Founded by the historian and publisher Henry Charles Lea (1825-1909) in the nineteenth century, the Lea Library contains one of the largest collections on the history of the Inquisition in North America. The Library focuses on the history of the Catholic Church with a special interest in the institutional, legal, and ecclesiastical bases of Church organization and governance during these periods and, most especially, the Inquisition in Europe and Spanish America. The Lea Library also features numerous works on witchcraft, magic, and the supernatural. The Penn Libraries continue to build on Lea's collection, acquiring additional books and manuscripts every year.
About the Library
Henry Charles Lea, Philadelphia publisher and civic reformer, was also America's first distinguished historian of the European middle ages, focusing on the Inquisition and ecclesiastical history and magic and witchcraft. His library became a specialized working collection out of which Lea wrote his History of the Inquisition of the Middle Ages (1888), History of the Inquisition of Spain (1906-1908), and other studies including substantial work on the Inquisition in Spanish America. Lea discovered and acquired most of his materials from European sources, purchasing manuscripts and incunabula as well as other early printed books. The room holding his collection, built in 1881 as an extension to his house at 2000 Walnut Street, was conveyed to the University in 1925 by Lea's children. Since 1962, both the room and Lea's collection have been located on the sixth floor of Van Pelt-Dietrich Library Center, now part of the Kislak Center for Special Collections, Rare Books, and Manuscripts.
Books and Manuscripts in the Lea Collection
There are today more than 11,000 printed texts included in the Lea Library. The majority of these were owned by Lea himself but in the past century the Penn Libraries have added substantially to the collection. Records for the cataloged printed books in the Lea Library can be searched through the Penn Libraries' catalog .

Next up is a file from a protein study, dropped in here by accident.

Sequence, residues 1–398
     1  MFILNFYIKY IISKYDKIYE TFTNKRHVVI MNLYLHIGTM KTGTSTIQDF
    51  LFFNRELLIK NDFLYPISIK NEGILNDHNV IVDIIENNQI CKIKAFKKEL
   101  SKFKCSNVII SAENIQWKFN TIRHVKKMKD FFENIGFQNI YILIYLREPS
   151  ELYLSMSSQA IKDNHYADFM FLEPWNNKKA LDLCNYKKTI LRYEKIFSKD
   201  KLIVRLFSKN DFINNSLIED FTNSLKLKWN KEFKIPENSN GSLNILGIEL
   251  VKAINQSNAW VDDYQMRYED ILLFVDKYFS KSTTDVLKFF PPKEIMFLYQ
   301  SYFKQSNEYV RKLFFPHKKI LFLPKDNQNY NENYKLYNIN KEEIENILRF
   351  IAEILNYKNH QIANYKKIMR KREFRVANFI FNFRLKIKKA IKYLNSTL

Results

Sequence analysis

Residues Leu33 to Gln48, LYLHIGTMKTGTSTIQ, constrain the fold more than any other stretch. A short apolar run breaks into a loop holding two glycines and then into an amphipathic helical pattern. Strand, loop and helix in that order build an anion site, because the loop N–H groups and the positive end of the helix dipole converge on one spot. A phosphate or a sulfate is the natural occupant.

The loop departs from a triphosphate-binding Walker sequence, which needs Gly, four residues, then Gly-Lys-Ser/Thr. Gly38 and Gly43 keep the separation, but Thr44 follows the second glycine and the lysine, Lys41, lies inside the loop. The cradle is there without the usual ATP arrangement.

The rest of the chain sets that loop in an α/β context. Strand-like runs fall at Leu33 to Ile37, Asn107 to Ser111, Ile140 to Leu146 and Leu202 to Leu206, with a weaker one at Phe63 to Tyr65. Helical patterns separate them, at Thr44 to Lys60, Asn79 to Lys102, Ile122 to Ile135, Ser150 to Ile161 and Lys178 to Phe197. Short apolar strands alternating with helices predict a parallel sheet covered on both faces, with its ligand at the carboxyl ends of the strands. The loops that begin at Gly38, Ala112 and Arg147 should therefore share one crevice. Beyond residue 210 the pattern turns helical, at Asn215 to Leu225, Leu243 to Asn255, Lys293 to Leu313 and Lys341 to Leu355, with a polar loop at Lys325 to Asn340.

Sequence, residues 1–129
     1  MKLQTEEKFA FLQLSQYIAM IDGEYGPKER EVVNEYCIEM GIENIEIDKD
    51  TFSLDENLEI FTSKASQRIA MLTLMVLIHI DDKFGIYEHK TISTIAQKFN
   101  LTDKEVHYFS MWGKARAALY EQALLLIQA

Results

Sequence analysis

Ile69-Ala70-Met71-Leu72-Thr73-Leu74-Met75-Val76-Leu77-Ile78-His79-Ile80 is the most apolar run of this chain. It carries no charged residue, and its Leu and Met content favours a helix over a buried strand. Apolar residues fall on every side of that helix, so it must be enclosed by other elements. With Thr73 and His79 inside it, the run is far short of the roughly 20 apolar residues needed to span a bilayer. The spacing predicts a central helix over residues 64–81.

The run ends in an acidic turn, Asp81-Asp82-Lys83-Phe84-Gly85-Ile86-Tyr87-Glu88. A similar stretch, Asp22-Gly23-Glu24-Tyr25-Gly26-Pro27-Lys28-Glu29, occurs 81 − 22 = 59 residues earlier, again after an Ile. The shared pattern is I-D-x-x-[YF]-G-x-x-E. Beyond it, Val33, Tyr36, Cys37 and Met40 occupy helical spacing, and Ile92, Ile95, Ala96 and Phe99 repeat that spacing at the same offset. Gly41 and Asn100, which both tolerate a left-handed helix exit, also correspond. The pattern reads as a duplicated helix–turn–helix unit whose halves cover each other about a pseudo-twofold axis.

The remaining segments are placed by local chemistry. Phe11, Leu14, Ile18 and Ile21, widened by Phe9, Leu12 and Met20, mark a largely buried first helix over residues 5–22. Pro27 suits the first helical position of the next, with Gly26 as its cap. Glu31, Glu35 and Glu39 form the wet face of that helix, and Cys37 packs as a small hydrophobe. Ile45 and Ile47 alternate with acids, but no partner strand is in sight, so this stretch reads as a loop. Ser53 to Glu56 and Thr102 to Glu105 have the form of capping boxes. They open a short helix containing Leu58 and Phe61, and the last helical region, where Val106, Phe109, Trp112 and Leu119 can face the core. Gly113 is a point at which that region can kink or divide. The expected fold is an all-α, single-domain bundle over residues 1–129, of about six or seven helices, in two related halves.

In addition to printed books, Henry Charles Lea owned more than eighty medieval and early modern manuscript codices. All but three of the medieval and early modern manuscript books owned by Lea have been fully digitized and are available from the Penn Libraries here.
Lea's collection of research materials and manuscript copies relating to the inquisition are cataloged as UPenn Ms. Coll. 729. This collection includes a vast number of copies made from archives in Europe.
The Henry Charles Lea Library Microfilm Collection is a composite of archival manuscript and printed material gathered by Kenneth M. Setton during his tenure as Henry Charles Lea Professor of History at the University of Pennsylvania.
In addition to the books and manuscripts collected by Lea, the Penn Libraries holds Lea's personal and family papers. These are cataloged as UPenn Ms. Coll. 111 and UPenn Ms. Coll. 11. Additional letters to Lea from his wife Anna Caroline Jaudon Lea can be found in UPenn Ms. Coll. 605 as well as a small number cataloged separately here.
For more on the Henry Charles Lea library see:
- Edward Peters, "Henry Charles Lea and the Libraries within a Library" in The Penn Library Collections at 250: From Franklin to the Web, (Philadelphia: University of Pennsylvania Library, 2000), 32-59.
- A biographical note on Lea from 1910: "Benefactors of the University. Henry C. Lea - 1825-1909" Old Penn Vol. 8, no. 30 (May 14, 1910), pp. 493-495
- Report by Prof. Edward P. Cheyney on the state of Lea's library as it was shortly after his death. Old Penn Vol. 8, no. 14 (January 15, 1910), p. 212-213.
- An account of Lea's library in 1878: Frank Robinson, "The private libraries of Philadelphia : library of Mr. Henry C. Lea" (Philadelphia, 1878).